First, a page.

It can definitely be stressful to take your child to the dentist for his or her first time. However, there are many things you can do to make the experience a fun and teachable one. The biggest thing to remember is that if you are stressed or anxious, he will feel that. Try not to say things like, “Don’t be afraid,” “It’s not scary,” or “It won’t hurt,” when you discuss the dental appointment. Be sure to remember that any negative dental experiences you have had are your experiences and not necessarily indicative of the type of experience he will have. Talk about the appointment like it is a natural thing for him to do, but show excitement about it being his first appointment, like you would his first haircut. It is a great idea to let him come along with you to one of your appointments, so he can become familiar with the office, the staff, and the routine. If this is not an option, or you are using a new office, call ahead to to find out what you can expect, or visit the office’s website, in order to talk with him about it. Read books about going to the dentist, or watch cartoons. You could also role play at home, first with you playing the dentist role, then switch and let your son be the dentist. But, again, the most important component in this is to build-up the experience as a positive one.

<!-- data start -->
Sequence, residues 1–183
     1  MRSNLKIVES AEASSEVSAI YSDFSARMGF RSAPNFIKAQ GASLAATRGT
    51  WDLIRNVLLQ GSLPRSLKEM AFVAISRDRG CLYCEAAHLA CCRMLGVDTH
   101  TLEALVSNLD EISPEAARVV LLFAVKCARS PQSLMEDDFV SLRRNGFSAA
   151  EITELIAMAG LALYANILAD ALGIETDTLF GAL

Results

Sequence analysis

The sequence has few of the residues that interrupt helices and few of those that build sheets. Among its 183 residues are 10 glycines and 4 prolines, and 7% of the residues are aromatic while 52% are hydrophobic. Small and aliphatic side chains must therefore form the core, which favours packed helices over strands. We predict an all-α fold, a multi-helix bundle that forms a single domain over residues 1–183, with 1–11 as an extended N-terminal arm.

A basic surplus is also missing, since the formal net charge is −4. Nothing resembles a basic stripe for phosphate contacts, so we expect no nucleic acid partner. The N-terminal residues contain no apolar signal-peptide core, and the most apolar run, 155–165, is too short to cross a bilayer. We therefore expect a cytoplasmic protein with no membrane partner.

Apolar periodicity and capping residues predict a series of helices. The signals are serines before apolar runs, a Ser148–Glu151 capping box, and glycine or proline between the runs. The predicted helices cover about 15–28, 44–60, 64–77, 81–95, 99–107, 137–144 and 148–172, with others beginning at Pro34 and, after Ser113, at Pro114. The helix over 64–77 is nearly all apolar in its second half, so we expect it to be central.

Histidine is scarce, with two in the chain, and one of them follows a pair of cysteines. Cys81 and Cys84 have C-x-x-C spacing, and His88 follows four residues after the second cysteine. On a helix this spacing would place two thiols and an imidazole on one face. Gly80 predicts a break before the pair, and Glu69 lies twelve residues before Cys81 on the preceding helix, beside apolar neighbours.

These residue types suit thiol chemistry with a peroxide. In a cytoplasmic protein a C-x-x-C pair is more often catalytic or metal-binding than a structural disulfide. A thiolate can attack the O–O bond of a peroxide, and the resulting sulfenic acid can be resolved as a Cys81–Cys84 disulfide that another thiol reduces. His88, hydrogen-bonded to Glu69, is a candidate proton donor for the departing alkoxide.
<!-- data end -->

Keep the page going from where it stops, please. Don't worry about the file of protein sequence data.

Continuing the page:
It is also a good idea to try to schedule a morning appointment, so he can be well-rested and have had a good breakfast beforehand. Be sure to arrive to your appointment somewhat early, to allow your son a chance to become used to the office. If, by chance, your office does not allow parents to accompany children to the exam room, you should be aware beforehand to decrease his anxiety about this. However, if you are able to go back, snap a photo of her being a good patient and cooperating.

Many offices give children toothbrushes and other goodies such as balloons or tokens when they are finished. If the dental office does not provide these, it’s a great idea to have a toothbrush and small toy or reward to give him at the end of the appointment. You just want to be sure to reinforce the good behavior.

Also, please remember, if the visit is not as positive as you hoped for, and practiced for, don’t fret. Many children take time to become comfortable to new places and things. It will be good to have already been in the office and provided the experience. Then, try again after a few months. Good luck!

This post is sponsored by the office of Phoenix pediatric dentist, Dr. Hillary Peck.

Should I see a pediatric dentist for my child’s loose tooth?